As for the outfits that Wade sports for the piece, I don’t have any complaints. The clothes are perfectly tailored, classic but still modern. Shawl cardigans are a very trendy item right now for men, from Matt Barnes’ clothing line ELUSION’s version to the high end Louis Vuitton on Wade. The Gucci double breasted peacoat is luxurious and in the must have neutral for this season — camel. However the price tag is out of reach at almost $4000. Camel can be difficult for some skin tones to wear, so stick to grey or navy. The rose gold watch Dwyane sports is also very popular, seen on everyone from Jay-Z to Victoria Beckham. Rose gold looks best on tan or dark skin as it can wash out pale skin. However, at over $30,000 it’s not even close affordable.

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Gone are the days of athletes just playing their sport. They endorse products, design clothes, sell real estate, promote parties — diversity is key to success on and off the court. Matt Barnes may not seem like the modern athlete at first glance — a tough, hard-nosed complementary player who knows his role.

However, Barnes’ philanthropic endeavors has led him to the seemingly unlikely field of fashion design. Barnes is a co-owner of and investor in Elusion Clothing, a streetwear brand based out of Cleveland, Ohio. The Basketball Jones’ Megan Wilson recently spoke with Elusion’s creator and head designer, Danita Davis on what it takes to build and maintain a clothing brand today and how Barnes’ is a model, muse and collaborator.

Megan Wilson: How did Elusion Clothing start?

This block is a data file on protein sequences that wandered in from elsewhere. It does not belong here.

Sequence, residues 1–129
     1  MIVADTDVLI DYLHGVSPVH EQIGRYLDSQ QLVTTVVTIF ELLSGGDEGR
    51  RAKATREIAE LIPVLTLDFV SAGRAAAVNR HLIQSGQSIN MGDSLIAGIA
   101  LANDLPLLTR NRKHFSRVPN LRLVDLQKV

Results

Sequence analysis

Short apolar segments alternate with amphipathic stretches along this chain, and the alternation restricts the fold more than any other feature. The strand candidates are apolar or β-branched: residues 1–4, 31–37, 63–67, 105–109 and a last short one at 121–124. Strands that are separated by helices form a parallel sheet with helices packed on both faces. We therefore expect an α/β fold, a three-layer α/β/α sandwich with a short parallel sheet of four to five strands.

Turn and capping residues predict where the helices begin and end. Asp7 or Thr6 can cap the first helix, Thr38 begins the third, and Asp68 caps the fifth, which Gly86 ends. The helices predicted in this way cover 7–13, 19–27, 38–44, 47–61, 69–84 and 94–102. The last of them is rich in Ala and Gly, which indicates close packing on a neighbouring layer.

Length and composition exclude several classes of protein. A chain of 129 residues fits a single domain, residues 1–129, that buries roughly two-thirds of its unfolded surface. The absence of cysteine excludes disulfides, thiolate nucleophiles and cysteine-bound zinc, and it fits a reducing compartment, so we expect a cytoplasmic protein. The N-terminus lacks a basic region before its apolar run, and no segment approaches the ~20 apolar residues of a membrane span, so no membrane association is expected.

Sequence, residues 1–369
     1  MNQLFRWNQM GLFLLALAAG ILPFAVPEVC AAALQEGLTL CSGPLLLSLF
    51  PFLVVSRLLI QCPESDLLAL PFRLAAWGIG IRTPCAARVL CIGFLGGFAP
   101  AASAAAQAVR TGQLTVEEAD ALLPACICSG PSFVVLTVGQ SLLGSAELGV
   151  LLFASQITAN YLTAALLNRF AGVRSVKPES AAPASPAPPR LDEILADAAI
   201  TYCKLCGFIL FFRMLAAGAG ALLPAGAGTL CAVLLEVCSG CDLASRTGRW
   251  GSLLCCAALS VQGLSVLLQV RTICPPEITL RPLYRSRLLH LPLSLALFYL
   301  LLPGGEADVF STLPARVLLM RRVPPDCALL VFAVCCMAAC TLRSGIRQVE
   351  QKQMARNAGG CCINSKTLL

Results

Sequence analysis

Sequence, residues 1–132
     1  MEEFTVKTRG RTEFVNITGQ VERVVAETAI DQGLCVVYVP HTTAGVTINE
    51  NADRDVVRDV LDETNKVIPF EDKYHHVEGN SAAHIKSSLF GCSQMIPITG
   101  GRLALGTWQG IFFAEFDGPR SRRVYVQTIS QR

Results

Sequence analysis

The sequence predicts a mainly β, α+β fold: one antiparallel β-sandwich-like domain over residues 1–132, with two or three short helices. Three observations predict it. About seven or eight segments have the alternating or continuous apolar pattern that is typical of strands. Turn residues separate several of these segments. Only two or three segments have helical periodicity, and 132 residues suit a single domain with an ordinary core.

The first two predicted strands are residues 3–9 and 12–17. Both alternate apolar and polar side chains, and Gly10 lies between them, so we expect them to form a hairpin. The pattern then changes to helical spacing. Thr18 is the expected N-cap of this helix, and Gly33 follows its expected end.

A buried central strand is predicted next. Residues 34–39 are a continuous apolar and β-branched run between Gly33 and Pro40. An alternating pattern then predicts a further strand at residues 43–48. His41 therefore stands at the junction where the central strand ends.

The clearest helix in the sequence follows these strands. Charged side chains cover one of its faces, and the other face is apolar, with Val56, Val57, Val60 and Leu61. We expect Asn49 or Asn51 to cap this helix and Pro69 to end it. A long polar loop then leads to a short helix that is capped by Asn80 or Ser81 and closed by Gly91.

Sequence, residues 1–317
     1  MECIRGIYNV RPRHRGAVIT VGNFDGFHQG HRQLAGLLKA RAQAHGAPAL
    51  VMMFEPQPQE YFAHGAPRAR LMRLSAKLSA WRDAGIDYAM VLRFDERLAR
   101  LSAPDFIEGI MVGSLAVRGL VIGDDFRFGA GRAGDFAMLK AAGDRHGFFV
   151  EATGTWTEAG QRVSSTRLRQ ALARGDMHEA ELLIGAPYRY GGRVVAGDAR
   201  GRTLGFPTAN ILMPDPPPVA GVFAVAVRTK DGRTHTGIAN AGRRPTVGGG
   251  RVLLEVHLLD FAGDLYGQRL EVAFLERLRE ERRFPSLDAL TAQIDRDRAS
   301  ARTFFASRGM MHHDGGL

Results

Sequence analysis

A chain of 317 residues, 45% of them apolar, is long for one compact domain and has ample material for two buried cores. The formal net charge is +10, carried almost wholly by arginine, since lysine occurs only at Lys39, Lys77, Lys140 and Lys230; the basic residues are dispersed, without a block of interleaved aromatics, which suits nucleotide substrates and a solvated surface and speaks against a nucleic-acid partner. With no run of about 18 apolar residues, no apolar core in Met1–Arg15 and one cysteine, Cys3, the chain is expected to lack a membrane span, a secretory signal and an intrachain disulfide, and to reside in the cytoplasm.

Danita Davis: Elusion was an idea of mine early on in college. I made it my goal to launch the brand. I was in college majoring in Computer Info Tech, bored out of my mind in classes. Fashion was always my love. I started the brand after studying fashion for five years … learning anything and everything possible about fashion, from designing to labeling to retail.

In 2006, I got very sick. My fiance [then boyfriend] held all of the bills down along with my brother while I launched Elusion. I had $250 left in my bank account when I started; that $250 bought me a couple of shirts that I gave to friends of mine. From there, the brand took off. I was also three months pregnant then with my son, Darrian.

MW: Where’d you come with the name Elusion?

DD: The name Elusion is a name my friends and I came up with in college. Elevating Life’s Unique Styles Instead Of Negating: E.L.U.S.I.O.N. My definition of that is to appreciate all styles of clothing, all types. When I launched Elusion, I wanted to create a brand that any type of man could wear and appreciate.

MW: How did you get involved with Matt Barnes?

DD: I chose to get involved with Matt after a friend told me about what he was doing for cancer research. At the time I was promoting a shirt we had made for a friend of mine who suffered from cancer in the throat. Matt had just launched his foundation at that time. Matt lost his mom to cancer a few years ago. I was already a big fan of him on the court, so I reached out to do my part to support. I sent him 100 shirts for the golfers and participants. He called me after the event, which blew me away. He inquired about the brand. I mentioned ownership to him and he was willing to help us. Since then, we’ve been close. He’s like my brother now.

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Dwyane Wade punctuates his flashy game with a flamboyant wardrobe. His penchant for bellhop inspired coats and Michael Jackson-style jackets means that his regular game night attire wouldn’t be out of place at a costume party, but for Halloween D-Wade went way beyond.

He became his “alter ego” – a Justin Timberlake look-alike. But instead of wearing a pair of Timberlake’s William Rast brand jeans, singing in a high pitch and having his arm around Jessica Biel (and possibly Olivia Munn), Wade went the extra mile.

He hired a professional makeup artist, Yessica Andrea Inc., to turn him white.

A weird, chalky white.